Monday, September 7, 2020 1:32 PM
Observe how Mary builds on her initial synonymous parallelism in 1:46-47 with an additional synthetic parallel in 1:48-49 where her praise is for the Lord God’s covenant faithfulness on a personal and individual level. The actual names “Lord” and “God” are only used in 46-47. Thereafter, only personal pronouns are used to refer to the Lord God. If we allow the assumption of an AB AB parallelism between the 46-47 pair and the pair in 48-49, then it may be that A “the Lord” and B “God” in her initial praise (46-47) is carried over into her first explanation (48-49). Mary also introduces two other elements she will systematically tie in later: her humble estate and that she sees herself, individually as “his servant.” In any case, we can certainly observe how she begins to introduce the theme of the God’s “Might” at the end of the strophe in v 49. She then follows up in v50 with a reference to the Lord’s “Mercy” (if we again assume the initial parallelism). In v 51, Mary continues the parallelism, making a definite reference to God’s might by referring to his “strength.” After this, the development of a chiastic structure in v 50-55 becomes clear. This is because tangible examples of god’s strength and might are provided. Note how this strophe forms a smaller chiastic structure with the negative and positive examples how God has shown his strength. Mary brings in the God’s mighty acts in the past to those of humble estate (such that she sees herself as one with others in the covenant family of Israel who suffered humiliation). This is then followed in v 54-55 by a closing reference to the Lord’s mercy - and here it she makes it clear, on a corporate level, it is Israel whom the Lord is remembering. The main themes therefore, of both explanatory sections of the structure, are based on an alternation between (the Lord’s) “mercy” and (God’s) “might.”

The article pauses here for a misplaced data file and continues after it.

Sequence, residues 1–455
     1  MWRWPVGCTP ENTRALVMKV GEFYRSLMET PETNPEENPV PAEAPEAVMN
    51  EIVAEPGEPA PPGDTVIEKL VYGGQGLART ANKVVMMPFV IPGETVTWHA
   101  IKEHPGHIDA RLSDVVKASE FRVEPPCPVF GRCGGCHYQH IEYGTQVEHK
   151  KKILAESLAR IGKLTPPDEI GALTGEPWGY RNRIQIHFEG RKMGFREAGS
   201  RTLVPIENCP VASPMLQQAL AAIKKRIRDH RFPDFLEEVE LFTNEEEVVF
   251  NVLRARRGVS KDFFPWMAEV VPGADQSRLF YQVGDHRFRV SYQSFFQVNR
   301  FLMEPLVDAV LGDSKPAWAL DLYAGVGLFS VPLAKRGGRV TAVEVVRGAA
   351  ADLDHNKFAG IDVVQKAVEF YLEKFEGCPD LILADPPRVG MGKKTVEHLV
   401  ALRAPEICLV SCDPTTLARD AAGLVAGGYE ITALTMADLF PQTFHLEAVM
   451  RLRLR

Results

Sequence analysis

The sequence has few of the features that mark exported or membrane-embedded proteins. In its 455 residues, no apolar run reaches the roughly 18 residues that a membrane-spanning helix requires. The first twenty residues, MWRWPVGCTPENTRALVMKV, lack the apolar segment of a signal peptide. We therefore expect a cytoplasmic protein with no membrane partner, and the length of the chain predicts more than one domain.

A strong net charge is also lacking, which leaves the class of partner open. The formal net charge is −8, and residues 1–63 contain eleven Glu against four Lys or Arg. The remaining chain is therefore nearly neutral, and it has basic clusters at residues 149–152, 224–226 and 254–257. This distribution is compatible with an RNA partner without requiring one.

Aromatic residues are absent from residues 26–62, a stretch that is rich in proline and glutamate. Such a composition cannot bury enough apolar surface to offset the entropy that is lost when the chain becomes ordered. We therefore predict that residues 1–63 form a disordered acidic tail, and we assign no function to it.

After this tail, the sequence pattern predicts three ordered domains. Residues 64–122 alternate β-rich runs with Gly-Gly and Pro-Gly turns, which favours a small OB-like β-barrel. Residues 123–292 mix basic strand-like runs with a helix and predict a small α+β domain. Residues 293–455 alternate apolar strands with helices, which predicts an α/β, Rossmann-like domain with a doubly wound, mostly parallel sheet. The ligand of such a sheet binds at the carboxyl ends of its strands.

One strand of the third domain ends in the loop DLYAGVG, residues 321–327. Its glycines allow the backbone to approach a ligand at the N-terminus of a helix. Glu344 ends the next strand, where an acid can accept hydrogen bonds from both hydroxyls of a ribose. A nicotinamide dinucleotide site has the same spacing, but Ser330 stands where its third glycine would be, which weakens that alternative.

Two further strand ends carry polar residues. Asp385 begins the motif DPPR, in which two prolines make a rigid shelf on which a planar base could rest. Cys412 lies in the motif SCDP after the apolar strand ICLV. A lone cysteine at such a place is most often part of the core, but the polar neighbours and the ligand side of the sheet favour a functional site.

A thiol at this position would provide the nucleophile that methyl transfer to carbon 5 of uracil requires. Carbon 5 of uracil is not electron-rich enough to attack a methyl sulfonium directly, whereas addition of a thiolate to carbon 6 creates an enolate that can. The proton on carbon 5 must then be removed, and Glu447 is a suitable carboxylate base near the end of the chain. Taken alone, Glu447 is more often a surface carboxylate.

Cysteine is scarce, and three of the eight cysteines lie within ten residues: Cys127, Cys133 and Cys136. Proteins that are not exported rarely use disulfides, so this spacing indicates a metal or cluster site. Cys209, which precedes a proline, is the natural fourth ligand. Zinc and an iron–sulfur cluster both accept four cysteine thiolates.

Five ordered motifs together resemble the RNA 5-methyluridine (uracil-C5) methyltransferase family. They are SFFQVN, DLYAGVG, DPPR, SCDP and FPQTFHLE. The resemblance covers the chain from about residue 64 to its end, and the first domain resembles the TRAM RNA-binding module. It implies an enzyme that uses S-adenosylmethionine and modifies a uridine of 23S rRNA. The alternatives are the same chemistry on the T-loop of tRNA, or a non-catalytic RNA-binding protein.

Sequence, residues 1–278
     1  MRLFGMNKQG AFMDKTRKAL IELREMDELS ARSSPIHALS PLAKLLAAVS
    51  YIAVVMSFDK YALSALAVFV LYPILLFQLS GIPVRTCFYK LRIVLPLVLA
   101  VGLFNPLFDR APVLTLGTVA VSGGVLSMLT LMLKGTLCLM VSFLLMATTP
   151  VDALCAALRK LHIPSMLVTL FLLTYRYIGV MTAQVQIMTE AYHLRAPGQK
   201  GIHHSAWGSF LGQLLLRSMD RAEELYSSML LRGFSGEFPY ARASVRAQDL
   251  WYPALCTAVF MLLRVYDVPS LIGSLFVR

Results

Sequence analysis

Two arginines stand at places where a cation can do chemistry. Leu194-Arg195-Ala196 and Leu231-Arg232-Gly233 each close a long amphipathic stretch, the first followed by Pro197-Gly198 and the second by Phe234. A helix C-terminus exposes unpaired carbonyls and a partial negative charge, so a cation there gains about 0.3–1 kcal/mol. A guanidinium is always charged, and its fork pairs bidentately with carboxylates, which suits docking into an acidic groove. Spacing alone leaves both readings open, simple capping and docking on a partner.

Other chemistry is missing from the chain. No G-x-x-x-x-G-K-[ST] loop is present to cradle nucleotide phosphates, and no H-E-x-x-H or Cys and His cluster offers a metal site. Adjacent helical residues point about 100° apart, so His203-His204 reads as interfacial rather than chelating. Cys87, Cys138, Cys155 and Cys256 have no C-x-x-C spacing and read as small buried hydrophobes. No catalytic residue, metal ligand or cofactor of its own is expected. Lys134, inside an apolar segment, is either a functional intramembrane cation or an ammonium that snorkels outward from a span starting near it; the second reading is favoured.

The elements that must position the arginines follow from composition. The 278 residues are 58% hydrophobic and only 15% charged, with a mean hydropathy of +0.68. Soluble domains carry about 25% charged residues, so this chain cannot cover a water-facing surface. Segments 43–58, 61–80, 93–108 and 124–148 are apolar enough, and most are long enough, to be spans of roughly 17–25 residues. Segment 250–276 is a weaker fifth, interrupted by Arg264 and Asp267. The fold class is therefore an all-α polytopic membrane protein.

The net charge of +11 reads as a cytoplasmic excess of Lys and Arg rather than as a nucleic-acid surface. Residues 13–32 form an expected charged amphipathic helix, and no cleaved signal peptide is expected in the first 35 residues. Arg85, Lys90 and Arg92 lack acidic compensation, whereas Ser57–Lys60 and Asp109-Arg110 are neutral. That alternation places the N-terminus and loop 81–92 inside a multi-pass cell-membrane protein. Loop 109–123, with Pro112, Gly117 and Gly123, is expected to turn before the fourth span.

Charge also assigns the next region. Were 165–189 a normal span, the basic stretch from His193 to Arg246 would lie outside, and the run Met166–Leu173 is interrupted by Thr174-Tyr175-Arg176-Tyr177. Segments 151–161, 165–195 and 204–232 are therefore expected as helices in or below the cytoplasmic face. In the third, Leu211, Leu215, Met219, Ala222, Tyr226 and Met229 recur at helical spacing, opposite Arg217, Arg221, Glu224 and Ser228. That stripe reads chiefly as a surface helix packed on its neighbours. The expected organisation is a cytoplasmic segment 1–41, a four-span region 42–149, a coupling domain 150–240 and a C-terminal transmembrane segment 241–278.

The association of each literary strophe with either “the Lord” or “God” in a rhetorical manner would certainly be more conjectural - not a hill to die on. However, the LXX is a good start to help understand the background of Mary’s praise and prayer. Observe how the name of the Lord God is used in the following LXX Psalms texts:
Psa. 61:2-3 from him (God) is my salvation…
he is my God and my Savior (cf. vs 7-8)
Psa. 61:13 that power is of God, and to you, O Lord, is mercy
Psa. 135:23 because in our humiliation the Lord remembered us because his mercy is forever
If reference isn’t simply made to “God” in relation to his power and might, then often an appended reference to “the Lord-” might be expected (e.g., “The Lord God”). Examples:
Psa. 88:9, 11
O Lord God of hosts, who is like you?
You are powerful, O Lord…
And with the arm of your power
you scattered Your enemies.
He who delivers you has spoken;
the Lord of hosts is His name, the Holy One of Israel.
The Lord, the Most High who dwells on high forever,
the Holy One among His saints,
whose name is the Lord Most High